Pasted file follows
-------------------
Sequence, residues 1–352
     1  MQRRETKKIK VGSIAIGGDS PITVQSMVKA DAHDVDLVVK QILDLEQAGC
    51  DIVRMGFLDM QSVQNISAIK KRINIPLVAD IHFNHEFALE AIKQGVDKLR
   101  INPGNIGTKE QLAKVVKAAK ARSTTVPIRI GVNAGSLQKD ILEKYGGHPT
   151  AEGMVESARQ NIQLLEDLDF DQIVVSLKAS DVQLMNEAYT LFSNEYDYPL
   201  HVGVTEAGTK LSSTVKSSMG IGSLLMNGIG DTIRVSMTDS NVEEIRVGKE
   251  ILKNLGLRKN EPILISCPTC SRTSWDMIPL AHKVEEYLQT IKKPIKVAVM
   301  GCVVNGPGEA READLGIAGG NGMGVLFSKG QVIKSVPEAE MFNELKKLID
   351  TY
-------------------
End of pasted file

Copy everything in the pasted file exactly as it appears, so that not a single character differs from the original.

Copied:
Sequence, residues 1–352
     1  MQRRETKKIK VGSIAIGGDS PITVQSMVKA DAHDVDLVVK QILDLEQAGC
    51  DIVRMGFLDM QSVQNISAIK KRINIPLVAD IHFNHEFALE AIKQGVDKLR
   101  INPGNIGTKE QLAKVVKAAK ARSTTVPIRI GVNAGSLQKD ILEKYGGHPT
   151  AEGMVESARQ NIQLLEDLDF DQIVVSLKAS DVQLMNEAYT LFSNEYDYPL
   201  HVGVTEAGTK LSSTVKSSMG IGSLLMNGIG DTIRVSMTDS NVEEIRVGKE
   251  ILKNLGLRKN EPILISCPTC SRTSWDMIPL AHKVEEYLQT IKKPIKVAVM
   301  GCVVNGPGEA READLGIAGG NGMGVLFSKG QVIKSVPEAE MFNELKKLID
   351  TY